Jugular veins
Not elevated

Blood pressure
158/91mmHg

Pulse
83 beats/min, strong and regular

Respiration
22 breaths/min

Oxygen saturation
98% (on 100% oxygen)

Allergies
“I am allergic to penicillin”

Last oral intake
“I had a cup of tea and two biscuits before I went to bed last night”

After consulting with your partner, you prepare to administer glyceryl trinitrate (GTN) to the patient in the form of a sublingual spray.

6. Critically review 2 ORIGINAL RESEARCH peer reviewed journal articles that consider the mortality benefit obtained by administering GTN in this scenario.
a. Individually for each article CRITIQUE the appropriateness of the:
• Type of study (e.g. longitudinal study, cross-sectional study, anecdotal report, etc).
•? Study duration (i.e. how long did the study continue to monitor participants for following the intervention)
• Sample size (i.e. the number of study participants).
• Outcome measures (e.g. 3-month survival, 5-year survival, etc).
b. On the basis of these critical reviews, briefly summarise YOUR interpretation of the evidence for the mortality benefit of administering GTN to a patient in this scenario.

7. Discuss the relevant factors regarding patient’s vital signs and medical history that should be considered prior to administering GTN.
a. Identify any factors (e.g. pre-existing medical condition, current medication, etc)
b. Discuss the consequences/risks of not addressing each factor.
c. Discuss the risk benefit relationship that must be considered for each factor. d. Identify a strategy for addressing each factor.

Once you have administered the GTN to the patient, you perform a 12-lead ECG which differs from your initial 3-lead
ECG and presents a clinical picture consistent with the sample ECG shown in Figure 1:

 

Figure 1 – Example of a 12-lead ECG obtained from an individual experiencing the patient’s condition (not the patient’s ECG)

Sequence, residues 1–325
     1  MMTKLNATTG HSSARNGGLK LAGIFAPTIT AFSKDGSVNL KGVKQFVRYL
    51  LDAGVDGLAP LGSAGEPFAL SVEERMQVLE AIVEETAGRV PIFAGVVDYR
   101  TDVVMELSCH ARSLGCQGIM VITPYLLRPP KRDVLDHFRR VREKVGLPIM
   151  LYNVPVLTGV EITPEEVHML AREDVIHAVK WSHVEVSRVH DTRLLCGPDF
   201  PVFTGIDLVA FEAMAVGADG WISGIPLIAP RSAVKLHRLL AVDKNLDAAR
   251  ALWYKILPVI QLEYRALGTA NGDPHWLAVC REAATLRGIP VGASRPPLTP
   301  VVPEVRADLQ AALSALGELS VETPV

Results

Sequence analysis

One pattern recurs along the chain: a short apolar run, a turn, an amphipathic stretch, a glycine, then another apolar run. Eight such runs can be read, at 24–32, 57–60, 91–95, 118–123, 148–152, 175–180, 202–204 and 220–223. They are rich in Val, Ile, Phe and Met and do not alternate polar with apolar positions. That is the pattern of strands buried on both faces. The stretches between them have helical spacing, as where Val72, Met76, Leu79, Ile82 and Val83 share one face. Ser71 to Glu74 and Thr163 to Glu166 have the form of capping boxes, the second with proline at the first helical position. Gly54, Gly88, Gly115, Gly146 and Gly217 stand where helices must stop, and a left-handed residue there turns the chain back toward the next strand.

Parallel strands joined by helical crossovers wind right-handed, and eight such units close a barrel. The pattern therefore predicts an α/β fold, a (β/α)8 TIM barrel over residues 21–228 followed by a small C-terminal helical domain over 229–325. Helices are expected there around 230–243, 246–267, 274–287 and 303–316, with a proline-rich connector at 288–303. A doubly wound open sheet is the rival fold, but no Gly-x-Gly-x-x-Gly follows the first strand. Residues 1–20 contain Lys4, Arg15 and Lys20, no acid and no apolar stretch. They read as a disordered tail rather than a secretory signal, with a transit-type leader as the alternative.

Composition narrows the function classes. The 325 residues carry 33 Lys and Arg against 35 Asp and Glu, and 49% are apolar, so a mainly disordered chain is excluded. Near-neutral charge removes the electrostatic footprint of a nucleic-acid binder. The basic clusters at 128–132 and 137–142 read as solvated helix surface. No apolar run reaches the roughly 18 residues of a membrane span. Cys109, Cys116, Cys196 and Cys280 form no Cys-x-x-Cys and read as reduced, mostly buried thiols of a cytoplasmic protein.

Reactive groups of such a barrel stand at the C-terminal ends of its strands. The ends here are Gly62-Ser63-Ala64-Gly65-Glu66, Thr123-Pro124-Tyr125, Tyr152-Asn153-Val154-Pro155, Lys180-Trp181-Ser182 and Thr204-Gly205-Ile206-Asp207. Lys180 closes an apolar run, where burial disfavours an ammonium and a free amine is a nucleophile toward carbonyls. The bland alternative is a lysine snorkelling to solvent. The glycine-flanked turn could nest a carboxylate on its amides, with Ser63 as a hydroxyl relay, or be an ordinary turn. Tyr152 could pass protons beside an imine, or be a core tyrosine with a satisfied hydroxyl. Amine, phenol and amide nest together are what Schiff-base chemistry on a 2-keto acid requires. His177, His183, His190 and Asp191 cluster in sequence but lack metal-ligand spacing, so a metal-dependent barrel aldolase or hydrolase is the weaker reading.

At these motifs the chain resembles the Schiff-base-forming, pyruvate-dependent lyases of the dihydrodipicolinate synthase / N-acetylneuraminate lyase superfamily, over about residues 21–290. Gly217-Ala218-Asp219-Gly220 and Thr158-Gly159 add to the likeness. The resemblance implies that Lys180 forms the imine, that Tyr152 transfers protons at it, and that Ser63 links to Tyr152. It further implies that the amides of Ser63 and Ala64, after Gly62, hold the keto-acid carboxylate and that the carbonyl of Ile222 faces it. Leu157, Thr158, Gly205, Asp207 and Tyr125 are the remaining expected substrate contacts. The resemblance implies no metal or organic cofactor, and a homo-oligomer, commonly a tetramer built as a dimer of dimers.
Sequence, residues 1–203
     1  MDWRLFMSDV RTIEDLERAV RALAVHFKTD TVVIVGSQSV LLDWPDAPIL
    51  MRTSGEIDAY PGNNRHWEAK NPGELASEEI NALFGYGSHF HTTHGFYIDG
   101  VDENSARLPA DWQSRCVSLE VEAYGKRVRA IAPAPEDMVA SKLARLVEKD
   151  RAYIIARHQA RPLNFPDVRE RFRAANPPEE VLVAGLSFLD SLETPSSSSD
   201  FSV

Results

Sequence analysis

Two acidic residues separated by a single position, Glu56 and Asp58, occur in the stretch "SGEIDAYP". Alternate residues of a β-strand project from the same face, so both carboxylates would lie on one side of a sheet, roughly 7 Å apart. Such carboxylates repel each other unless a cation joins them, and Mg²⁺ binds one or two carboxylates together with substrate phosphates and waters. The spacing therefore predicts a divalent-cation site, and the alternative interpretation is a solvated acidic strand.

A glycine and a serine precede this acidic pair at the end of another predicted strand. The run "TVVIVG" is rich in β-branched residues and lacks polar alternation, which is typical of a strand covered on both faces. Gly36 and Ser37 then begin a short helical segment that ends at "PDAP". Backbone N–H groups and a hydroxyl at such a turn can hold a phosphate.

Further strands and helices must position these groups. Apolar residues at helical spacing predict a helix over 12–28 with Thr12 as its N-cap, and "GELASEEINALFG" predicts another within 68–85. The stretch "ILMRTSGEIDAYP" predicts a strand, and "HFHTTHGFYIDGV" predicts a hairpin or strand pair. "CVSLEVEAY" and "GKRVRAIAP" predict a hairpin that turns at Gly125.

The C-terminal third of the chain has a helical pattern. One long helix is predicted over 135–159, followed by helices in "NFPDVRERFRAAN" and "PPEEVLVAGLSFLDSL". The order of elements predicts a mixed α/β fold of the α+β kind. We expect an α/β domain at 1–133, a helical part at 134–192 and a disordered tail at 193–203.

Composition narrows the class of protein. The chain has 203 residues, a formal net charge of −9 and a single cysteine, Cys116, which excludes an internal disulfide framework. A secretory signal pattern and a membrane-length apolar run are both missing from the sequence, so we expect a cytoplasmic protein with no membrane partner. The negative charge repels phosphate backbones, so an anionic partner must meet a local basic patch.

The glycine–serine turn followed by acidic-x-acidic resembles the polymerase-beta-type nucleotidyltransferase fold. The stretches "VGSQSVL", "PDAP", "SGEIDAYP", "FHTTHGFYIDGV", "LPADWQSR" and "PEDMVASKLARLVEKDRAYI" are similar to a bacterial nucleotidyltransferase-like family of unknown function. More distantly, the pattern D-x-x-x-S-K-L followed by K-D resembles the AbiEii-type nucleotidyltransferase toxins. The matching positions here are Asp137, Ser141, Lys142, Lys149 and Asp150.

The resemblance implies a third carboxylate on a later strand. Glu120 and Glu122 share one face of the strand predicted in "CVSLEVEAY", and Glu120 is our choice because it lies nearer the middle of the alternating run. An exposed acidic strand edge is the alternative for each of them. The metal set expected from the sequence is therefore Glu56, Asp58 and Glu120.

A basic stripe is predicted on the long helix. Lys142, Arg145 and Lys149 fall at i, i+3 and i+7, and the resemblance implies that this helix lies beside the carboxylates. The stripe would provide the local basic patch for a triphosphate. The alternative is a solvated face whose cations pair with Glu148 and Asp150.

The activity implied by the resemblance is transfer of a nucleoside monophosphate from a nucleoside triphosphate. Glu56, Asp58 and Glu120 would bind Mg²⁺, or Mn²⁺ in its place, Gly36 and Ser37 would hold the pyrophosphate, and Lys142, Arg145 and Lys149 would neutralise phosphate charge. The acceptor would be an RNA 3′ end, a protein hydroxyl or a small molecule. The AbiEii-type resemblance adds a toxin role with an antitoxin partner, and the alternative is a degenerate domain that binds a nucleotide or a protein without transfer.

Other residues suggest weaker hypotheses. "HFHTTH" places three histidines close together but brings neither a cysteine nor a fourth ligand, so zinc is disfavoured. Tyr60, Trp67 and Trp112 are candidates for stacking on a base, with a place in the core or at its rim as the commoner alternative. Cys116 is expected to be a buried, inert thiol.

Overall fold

On the basis of this 12-lead ECG, you diagnose that the patient is having an ST elevation myocardial infarction (STEMI). Shortly after commencing GTN, the patient describes his pain as a 5 (previously an 8). After rechecking the patient’s blood pressure again (138/84mmHg), you load the patient into the ambulance to drive him to Flinders Medical Centre, undertaking an on-going assessment and treatment en-route:
Level of consciousness
Alert and conscious; can recall the time, identity and location.

Respiration
18 breaths/min, unlaboured.

Oxygen saturation
98% (on 100% oxygen).

Blood pressure
138/84mmHg

Pulse
78 beats/min, strong and regular.

Chest pain
4 on a scale of 1 to 10

While obtaining this history from the patient, you hand him a 300mg aspirin chewable tablet and tell him to chew and swallow it.

8. Critically review 2 ORIGINAL RESEARCH peer reviewed journal articles that consider the mortality benefit obtained by administering aspirin to a patient that has recently suffered a STEMI.
a. Individually for each article CRITIQUE the appropriateness of the:
• Type of study (e.g. longitudinal study, cross-sectional study, anecdotal report, etc).
•? Study duration (i.e. how long did the study continue to monitor participants for following the intervention)